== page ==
The dealer is strong with a 7, 8, 9, 10 or A
The dealer is weak a 4, 5 or 6
The dealer is neutral with a 2 or 3
In blackjack, the dealer has to draw to a score of at least 17. If the dealer's first card is a 6, there's a very strong chance they will have to draw a third card. That's because only an Ace would bring them to a total of 17. Whenever you or the dealer has to draw a card, there's a certain amount of risk involved.
We know there are more cards with a value of 10 than any other: 10, J, Q and K. When the dealer is showing a 6, there's a 31% chance that they'll hit 16. Using this information, we can start to determine whether we're strong or weak. This gives us a basis for hitting, standing, splitting and doubling.
Hitting and standing
Hitting means taking another card; standing means staying with your current total and passing the turn to the dealer. Here are the basic rules for hitting and standing:
If the dealer is strong and your total is weak (i.e. lower than 17), you should hit
If the dealer is strong and your total is strong (i.e. 17 or higher), you should stand
If the dealer is weak and your total is weak, you should stand
If the dealer is weak and your total is strong, you should stand
As you can see, you should always stand when the dealer is weak. Even if you've got a total of 12 and the dealer is showing a 6, your best move is to stand. Because you're both at risk of busting with a third card, it's better for you to play it safe and put pressure on the dealer.
Examples of when to hit and stand
A hard 2 to 11. Always to hit on this total. There is no way that you can go bust
A hard 12. Stand if the dealer has 4, 5 or 6
A hard 13 to 16. Stand if the dealer has 6 or less
Soft 11 to 17. Always hit. You have a good chance to get a better hand without any risk of going over 21
Hard 17 or more. Always stand. This is a decent total and there is a high risk of going bust
Soft 18. Hit only if the dealer has 9, 10 or A. Those cards represent a strong position for the dealer and you want to attempt to improve your hand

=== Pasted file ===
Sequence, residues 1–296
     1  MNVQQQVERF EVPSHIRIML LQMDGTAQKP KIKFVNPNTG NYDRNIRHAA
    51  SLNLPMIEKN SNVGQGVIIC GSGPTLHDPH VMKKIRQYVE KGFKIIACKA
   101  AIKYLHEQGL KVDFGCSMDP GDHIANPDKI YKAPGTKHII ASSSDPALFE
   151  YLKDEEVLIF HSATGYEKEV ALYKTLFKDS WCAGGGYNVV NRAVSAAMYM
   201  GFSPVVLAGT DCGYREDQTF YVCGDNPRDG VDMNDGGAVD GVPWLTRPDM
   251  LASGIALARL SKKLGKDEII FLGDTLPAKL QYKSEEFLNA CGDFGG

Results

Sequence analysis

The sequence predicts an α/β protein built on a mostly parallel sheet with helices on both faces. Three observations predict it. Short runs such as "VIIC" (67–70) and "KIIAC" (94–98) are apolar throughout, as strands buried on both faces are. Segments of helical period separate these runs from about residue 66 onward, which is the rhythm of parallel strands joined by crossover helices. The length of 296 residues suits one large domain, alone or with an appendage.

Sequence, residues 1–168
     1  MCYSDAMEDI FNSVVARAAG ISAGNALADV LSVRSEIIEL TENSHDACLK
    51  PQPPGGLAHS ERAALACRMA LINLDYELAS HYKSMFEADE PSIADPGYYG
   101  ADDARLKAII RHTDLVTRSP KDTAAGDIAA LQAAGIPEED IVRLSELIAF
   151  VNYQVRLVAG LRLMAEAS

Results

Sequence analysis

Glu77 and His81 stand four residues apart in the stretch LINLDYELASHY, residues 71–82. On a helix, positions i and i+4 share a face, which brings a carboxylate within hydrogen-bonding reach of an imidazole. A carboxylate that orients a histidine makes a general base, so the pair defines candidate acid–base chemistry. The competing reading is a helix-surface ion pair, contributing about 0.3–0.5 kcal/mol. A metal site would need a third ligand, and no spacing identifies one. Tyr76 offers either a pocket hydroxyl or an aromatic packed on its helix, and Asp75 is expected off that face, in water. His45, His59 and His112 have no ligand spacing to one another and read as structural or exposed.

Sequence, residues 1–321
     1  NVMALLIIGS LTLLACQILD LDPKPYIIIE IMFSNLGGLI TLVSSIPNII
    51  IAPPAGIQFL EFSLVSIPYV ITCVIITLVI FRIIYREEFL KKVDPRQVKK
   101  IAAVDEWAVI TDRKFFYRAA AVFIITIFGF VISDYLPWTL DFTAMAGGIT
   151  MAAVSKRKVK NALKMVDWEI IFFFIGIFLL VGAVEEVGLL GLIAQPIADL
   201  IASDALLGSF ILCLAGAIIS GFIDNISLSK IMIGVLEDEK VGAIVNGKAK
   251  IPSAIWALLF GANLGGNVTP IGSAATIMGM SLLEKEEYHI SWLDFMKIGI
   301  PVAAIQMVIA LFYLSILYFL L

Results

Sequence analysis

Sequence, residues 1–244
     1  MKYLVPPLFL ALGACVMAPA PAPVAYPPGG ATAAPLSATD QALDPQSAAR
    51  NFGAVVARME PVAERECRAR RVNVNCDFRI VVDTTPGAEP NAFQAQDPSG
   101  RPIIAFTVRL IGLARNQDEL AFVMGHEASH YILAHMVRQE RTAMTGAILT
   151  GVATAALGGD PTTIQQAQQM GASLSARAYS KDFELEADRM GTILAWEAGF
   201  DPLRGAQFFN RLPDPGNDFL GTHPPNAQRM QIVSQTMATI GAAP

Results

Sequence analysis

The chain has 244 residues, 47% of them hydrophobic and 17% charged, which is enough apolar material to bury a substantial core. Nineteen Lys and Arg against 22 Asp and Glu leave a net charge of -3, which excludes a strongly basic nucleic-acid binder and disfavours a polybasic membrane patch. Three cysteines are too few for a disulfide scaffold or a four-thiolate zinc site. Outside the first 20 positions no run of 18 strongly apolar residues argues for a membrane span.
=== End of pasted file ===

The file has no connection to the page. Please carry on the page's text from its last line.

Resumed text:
Soft 19 or above. Always stand
If you are dealt two cards with the same value, you can split them into two separate hands. Here's how it works:
Since you're forming another hand, you'll need to stake your hand's original bet to the new hand as well, i.e. double your bet
Your original pair is split and both cards get a new card
You'll play the new hands like any normal starting hand
Some blackjack versions have restrictions to the moves available for split hands, e.g. split Aces only getting 1 card
Splitting is optional. You can play the two cards of the same numerical value as one hand just as you normally would.
When splitting, trusting your instinct isn't always a good idea. For example, if you split a pair of nines, you might think that at least one of your hands will, ultimately, total 19. However, why double your exposure when you have a solid 18 in the first place?
When to split?
The decision whether to split a pair should be based on the basic strategy. Here are some easy to remember rules of thumb. However, remember to check the basic strategy chart for any exceptions to the rule. Table rules will also affect your decision making.
8 - 8
4 - 4
5 - 5
10 - 10
2 - 2 (Split against dealer 4 to 7)
3 - 3 (Split against dealer 4 to 7)
6 - 6 (Split against dealer 3 to 6)
7 - 7 (Split against dealer 2 to 7)
9 - 9 (Don't split against dealer 7, 10 or A)
One of the most intriguing moves in blackjack is doubling down. Here's how it works:
You double your initial bet and get one more card - no more, no less.
You only get one more card when you choose to double down. After you've received it, your hand automatically stands. It's imperative that you only double down in the right circumstances.
FACT: Some blackjack versions let you double down in any scenario. Others only allow it when you are dealt certain combinations of cards, e.g. hard hands that total 10 or 11.
When to double down on hard hands
A hard hand in blackjack is one that doesn't contain an Ace or where the Ace can only be counted as 1. For example, 8-6-A is a hard 15.
When you have a hard hand, you should think about doubling if these two conditions are in place:
You'd make a strong hand if you drew a ten or ace
The dealer's card is weak
TIP: Any hand with a value between 8 and 11 gives us a strong chance of making a total of 18-21. Therefore, if the dealer has a low card (2-7), you should always consider doubling down.
When to double down on soft hands
A soft hand includes an Ace that can be counted either as 1 or 11. Doubling down strategy for soft hands is a bit tricky. You should double down on a soft hand, when:
You'd make a strong hand if you drew a ten or ace
The dealer's card is weak
Both you and the dealer have 6 or less
The final condition is the most interesting. Although it's not typically advisable to double down on a starting total such as soft 16, it's one that can work if the dealer is weak. As well as the fact you can't bust, you're hoping that the dealer will. Therefore, you want to try and put more money on the table when you're in a strong position.
TLDR: Insurance is a bad bet and you shouldn't take it.
Insurance is a side that's available when the dealer gets an Ace as their face-up card. The idea behind the insurance is to break even if the dealer has a blackjack.
The size of the insurance bet is half of your initial stake. If the dealer hits blackjack and you've taken insurance, you'll receive a 2:1 payout on your insurance bet. However, unless you have a blackjack too, you'll lose your main bet. This means you'll break even.